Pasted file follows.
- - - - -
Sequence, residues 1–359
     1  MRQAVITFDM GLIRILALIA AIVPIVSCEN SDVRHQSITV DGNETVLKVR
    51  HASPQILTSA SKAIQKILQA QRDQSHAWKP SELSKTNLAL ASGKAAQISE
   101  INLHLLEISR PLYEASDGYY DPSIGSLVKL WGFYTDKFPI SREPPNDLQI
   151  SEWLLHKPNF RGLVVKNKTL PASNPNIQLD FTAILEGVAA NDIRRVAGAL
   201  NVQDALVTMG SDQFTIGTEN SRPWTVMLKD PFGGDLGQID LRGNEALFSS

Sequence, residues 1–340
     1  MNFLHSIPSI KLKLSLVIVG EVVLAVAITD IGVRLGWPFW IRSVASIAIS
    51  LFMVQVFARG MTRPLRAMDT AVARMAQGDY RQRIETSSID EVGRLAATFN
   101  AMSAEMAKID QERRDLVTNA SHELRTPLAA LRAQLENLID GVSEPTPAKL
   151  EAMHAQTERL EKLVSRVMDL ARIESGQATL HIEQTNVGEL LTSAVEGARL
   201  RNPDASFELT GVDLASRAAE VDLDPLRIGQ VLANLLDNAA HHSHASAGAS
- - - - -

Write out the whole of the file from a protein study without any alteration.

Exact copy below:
Sequence, residues 1–359
     1  MRQAVITFDM GLIRILALIA AIVPIVSCEN SDVRHQSITV DGNETVLKVR
    51  HASPQILTSA SKAIQKILQA QRDQSHAWKP SELSKTNLAL ASGKAAQISE
   101  INLHLLEISR PLYEASDGYY DPSIGSLVKL WGFYTDKFPI SREPPNDLQI
   151  SEWLLHKPNF RGLVVKNKTL PASNPNIQLD FTAILEGVAA NDIRRVAGAL
   201  NVQDALVTMG SDQFTIGTEN SRPWTVMLKD PFGGDLGQID LRGNEALFSS

Sequence, residues 1–340
     1  MNFLHSIPSI KLKLSLVIVG EVVLAVAITD IGVRLGWPFW IRSVASIAIS
    51  LFMVQVFARG MTRPLRAMDT AVARMAQGDY RQRIETSSID EVGRLAATFN
   101  AMSAEMAKID QERRDLVTNA SHELRTPLAA LRAQLENLID GVSEPTPAKL
   151  EAMHAQTERL EKLVSRVMDL ARIESGQATL HIEQTNVGEL LTSAVEGARL
   201  RNPDASFELT GVDLASRAAE VDLDPLRIGQ VLANLLDNAA HHSHASAGAS